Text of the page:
- Around $50,000 in fines, compensation and costs for multiple building offences
- Defective, incomplete and incorrectly contracted concrete services in Scarborough, Caversham, Alkimos, Ellenbrook and Port Kennedy
- Previous warning issued by Building & Energy and Consumer Protection
A Perth driveway company and its director have been ordered to pay almost $50,000 in fines, compensation and costs after pleading guilty to multiple building offences affecting five properties.
A total of 30 charges against Antique Asset Pty Ltd and its sole director, Sergio Demali, were heard at Perth Magistrates Court on 17 March 2023 following prosecution by Building and Energy.
The matters include ignoring official orders to fix defective or incomplete work, seeking excessive deposits and other home building contract law breaches.
The court was told the company was engaged to provide concrete services at properties in Scarborough, Caversham, Alkimos, Ellenbrook and Port Kennedy.
In each case, a 50 per cent deposit was demanded or received before work commenced, which is more than seven times the 6.5 per cent maximum allowed under the Home Building Contracts Act 1991. The five contracts and subsequent variations were also not signed by both parties as required.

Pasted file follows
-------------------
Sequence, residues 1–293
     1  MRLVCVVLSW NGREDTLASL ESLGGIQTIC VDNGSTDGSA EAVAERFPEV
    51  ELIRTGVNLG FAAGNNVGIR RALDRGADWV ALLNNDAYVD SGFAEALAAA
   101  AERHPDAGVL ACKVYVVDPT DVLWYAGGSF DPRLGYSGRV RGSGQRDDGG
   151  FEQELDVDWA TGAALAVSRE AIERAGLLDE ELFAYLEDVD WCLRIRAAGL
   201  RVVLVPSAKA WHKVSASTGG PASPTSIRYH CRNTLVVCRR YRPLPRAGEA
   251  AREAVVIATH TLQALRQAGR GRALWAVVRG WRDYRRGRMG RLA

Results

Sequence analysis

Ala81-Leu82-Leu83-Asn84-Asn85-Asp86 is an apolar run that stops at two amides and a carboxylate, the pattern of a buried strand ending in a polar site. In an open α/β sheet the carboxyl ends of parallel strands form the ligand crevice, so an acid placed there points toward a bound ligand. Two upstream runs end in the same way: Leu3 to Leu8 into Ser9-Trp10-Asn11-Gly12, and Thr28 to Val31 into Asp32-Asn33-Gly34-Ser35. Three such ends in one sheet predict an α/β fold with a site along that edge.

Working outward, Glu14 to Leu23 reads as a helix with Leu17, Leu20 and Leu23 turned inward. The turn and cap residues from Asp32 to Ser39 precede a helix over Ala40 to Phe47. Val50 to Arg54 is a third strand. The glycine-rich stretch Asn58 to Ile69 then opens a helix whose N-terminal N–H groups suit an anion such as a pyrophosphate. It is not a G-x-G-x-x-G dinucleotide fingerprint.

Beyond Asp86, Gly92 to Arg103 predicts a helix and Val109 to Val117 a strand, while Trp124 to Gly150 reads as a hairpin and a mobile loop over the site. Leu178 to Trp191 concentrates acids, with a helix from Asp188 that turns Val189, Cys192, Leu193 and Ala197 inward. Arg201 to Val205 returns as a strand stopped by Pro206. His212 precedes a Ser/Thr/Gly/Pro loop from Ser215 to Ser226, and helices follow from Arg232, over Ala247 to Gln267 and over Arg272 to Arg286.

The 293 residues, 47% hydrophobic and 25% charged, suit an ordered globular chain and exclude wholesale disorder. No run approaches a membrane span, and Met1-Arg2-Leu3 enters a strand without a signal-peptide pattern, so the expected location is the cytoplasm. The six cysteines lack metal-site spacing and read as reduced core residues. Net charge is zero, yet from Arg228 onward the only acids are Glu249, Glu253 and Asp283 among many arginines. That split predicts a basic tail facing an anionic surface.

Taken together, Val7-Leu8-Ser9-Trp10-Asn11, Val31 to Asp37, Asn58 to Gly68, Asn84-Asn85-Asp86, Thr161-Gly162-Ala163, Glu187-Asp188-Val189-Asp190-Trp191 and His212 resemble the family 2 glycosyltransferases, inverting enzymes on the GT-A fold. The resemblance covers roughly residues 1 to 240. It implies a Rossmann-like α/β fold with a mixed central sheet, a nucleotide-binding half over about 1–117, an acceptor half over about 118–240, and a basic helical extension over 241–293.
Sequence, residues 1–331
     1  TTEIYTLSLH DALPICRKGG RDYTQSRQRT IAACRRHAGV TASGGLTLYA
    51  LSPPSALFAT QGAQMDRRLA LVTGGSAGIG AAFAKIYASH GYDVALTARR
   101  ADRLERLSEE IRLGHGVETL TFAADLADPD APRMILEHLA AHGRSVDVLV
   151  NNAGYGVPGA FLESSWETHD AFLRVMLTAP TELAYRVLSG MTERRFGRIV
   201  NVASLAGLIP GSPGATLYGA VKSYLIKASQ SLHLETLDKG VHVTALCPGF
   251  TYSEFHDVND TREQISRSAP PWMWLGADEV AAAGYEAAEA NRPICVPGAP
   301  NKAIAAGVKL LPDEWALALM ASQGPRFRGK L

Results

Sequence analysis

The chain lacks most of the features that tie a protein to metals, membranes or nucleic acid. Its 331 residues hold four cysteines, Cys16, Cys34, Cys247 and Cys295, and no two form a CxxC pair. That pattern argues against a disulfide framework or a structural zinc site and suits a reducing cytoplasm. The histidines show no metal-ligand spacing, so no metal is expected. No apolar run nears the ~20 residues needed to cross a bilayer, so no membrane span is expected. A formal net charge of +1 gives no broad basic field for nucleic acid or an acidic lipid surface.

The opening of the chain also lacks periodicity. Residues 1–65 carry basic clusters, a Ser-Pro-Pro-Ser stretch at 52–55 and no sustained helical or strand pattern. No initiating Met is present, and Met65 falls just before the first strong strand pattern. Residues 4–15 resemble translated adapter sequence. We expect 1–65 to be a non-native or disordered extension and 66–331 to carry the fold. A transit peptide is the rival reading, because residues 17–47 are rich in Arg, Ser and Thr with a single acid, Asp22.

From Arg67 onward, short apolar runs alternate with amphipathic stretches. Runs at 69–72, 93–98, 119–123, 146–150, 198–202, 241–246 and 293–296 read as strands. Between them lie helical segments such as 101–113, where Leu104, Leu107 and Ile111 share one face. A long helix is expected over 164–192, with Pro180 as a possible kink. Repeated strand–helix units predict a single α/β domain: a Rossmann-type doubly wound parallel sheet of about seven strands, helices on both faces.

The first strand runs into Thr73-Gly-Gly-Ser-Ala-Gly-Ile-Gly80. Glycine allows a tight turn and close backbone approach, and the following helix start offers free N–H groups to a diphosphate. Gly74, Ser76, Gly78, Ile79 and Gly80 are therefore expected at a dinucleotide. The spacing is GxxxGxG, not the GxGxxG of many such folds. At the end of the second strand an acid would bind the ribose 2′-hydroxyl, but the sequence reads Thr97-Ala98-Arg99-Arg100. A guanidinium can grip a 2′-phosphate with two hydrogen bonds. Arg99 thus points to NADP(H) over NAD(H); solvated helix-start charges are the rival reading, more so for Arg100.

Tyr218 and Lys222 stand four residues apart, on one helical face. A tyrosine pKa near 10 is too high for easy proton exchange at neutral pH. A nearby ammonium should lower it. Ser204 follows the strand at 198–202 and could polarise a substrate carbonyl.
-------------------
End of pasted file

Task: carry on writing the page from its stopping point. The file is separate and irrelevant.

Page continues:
The Building Commissioner later issued building remedy orders for the Scarborough, Caversham and Alkimos properties, requiring Antique Asset to repair driveway defects such as cracks, slurry, levelling and inconsistent colours and textures. However, the company failed to comply with any orders, breaching the Building Services (Complaint Resolution and Administration) Act 2011.
Magistrate Andrew Matthews fined Antique Asset $25,000 and Mr Demali $5,000 for ignoring the remedy orders, in addition to fines of $6,250 and $4,000 respectively for the excessive deposits and other contract breaches.
Compensation of $5,537 for the Ellenbrook home owner and prosecution costs of $3,097 were also awarded. The Building Commissioner previously issued enforceable payment building remedy orders for the other home owners.
His Honour noted that although Mr Demali was overseas during some of the breaches, “the buck stops with him” and that it was “all too common” for works not to be completed properly when consumers tried to create their dream homes.
Antique Asset and Mr Demali were previously the subject of a consumer warning by Building and Energy and Consumer Protection. Consumers are encouraged to research traders, seek independent reviews and be familiar with their rights before signing a contract or paying any money.
Building and Energy Executive Director Saj Abdoolakhan said the regulator would continue to take action against unscrupulous building service providers.
“This legislation is designed to protect consumers by ensuring their contracts are robust, large deposits are not at risk and work is completed to the required standard,” he said.
“Disregard for the rules is unacceptable and undermines confidence in the entire building sector.”